51. Washtien W, Abeles RH (1977) Mechanism of inactivation of γ-cystathionase by the acetylenic substrate analogue propargylglycine. Biochemistry 16:2485–2491PubMedCrossRefGoogle Scholar
  52. Whiteman M, Winyard PG (2011) Hydrogen sulfide and inflammation: the good, the bad, the ugly and the promising. Expert Rev Clin Pharmacol 4:13–32PubMedCrossRefGoogle Scholar
  53. Whiteman M, Le Trionnaire S, Chopra M, Fox B, Whatmore J (2011) Emerging role of hydrogen sulfide in health and disease: critical appraisal of biomarkers and pharmacological tools. Clin Sci (Lond) 121:459–488CrossRefGoogle Scholar
  54. Wróbel M, Jurkowska H, Sliwa L, Srebro Z (2004) Sulfurtransferases and cyanide detoxification in mouse liver, kidney, and brain. Toxicol Mech Methods 14:331–337PubMedCrossRefGoogle Scholar
  55. Yamanishi T, Tuboi S (1981) The mechanism of the L-cystine cleavage reaction catalyzed by rat liver γ-cystathionase. J Biochem 89:1913–1921PubMedGoogle Scholar
  56. Yang G, Wu L, Jiang B, Yang W, Qi J, Cao K, Meng Q, Mustafa AK, Mu W, Zhang S, Snyder SH, Wang R (2008) H2S as a physiologic vasorelaxant: hypertension in mice with deletion of cystathionine γ-lyase. Science 322:587–590PubMedCentralPubMedCrossRefGoogle Scholar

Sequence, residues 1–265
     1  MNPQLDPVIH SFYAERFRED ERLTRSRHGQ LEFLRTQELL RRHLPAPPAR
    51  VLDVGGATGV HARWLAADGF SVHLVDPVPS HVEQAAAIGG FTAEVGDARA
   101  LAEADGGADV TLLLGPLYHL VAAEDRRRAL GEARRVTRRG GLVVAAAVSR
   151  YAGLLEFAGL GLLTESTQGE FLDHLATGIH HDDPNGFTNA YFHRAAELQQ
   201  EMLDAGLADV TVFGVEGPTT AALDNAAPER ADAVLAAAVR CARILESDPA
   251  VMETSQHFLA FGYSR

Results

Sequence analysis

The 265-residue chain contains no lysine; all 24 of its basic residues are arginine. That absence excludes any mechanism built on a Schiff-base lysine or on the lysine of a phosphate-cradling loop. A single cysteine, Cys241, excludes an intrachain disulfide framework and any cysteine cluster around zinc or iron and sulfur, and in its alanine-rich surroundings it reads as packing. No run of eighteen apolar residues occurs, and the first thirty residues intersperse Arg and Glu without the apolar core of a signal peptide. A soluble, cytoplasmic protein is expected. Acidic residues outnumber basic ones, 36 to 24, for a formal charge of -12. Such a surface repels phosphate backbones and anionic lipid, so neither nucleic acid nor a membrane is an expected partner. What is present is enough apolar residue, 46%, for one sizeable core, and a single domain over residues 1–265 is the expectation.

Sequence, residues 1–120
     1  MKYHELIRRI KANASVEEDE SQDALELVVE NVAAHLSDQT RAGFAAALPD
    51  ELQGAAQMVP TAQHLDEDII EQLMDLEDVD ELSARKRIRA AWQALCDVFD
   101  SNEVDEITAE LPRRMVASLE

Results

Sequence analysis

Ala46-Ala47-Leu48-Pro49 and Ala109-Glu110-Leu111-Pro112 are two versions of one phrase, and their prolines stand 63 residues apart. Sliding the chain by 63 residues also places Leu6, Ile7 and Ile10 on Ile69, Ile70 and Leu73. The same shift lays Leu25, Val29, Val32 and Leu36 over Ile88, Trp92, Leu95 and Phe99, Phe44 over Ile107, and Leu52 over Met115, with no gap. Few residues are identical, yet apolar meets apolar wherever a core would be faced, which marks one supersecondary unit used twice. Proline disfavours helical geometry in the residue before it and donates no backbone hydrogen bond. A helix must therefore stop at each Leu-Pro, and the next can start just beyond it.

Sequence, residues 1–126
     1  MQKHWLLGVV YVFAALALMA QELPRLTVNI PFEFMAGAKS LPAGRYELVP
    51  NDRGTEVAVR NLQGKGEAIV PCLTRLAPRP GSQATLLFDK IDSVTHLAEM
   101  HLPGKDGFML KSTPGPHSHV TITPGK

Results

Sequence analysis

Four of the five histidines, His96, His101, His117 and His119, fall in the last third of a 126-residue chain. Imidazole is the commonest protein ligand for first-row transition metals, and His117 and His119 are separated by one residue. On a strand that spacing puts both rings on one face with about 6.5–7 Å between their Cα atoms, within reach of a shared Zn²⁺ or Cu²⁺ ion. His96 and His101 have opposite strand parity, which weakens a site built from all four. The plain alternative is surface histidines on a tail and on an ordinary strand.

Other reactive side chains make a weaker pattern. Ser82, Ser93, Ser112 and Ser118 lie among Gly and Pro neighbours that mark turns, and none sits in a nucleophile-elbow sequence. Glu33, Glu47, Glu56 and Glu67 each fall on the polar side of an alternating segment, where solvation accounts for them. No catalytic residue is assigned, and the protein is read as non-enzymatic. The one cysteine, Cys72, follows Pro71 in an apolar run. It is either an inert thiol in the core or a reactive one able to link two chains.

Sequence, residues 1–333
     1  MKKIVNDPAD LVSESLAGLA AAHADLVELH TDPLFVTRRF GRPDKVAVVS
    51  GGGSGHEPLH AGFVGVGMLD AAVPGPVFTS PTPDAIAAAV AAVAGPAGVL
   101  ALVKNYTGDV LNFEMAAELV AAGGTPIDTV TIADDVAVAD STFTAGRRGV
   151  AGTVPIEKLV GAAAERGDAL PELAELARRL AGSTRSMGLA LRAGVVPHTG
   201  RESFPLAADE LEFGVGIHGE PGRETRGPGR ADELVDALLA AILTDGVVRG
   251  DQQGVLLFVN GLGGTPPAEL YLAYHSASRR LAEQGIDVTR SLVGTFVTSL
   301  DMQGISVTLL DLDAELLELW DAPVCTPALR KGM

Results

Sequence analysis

Copyright information

© Springer-Verlag Wien 2014

Authors and Affiliations

  • Halina Jurkowska
    • 1
    • 2
  • Heather B. Roman
    • 1
  • Lawrence L. Hirschberger
    • 1
  • Kiyoshi Sasakura
    • 3
  • Tetsuo Nagano
    • 3
  • Kenjiro Hanaoka
    • 3
  • Jakub Krijt
    • 4
  • Martha H. Stipanuk
    • 1
  1. 1.Division of Nutritional SciencesCornell UniversityIthacaUSA
  2. 2.Chair of Medical BiochemistryJagiellonian University Medical CollegeKrakówPoland
  3. 3.Graduate School of Pharmaceutical SciencesThe University of TokyoTokyoJapan
  4. 4.First Faculty of Medicine and General University Hospital, Institute of Inherited Metabolic DisordersCharles University in PraguePragueCzech Republic

Personalised recommendations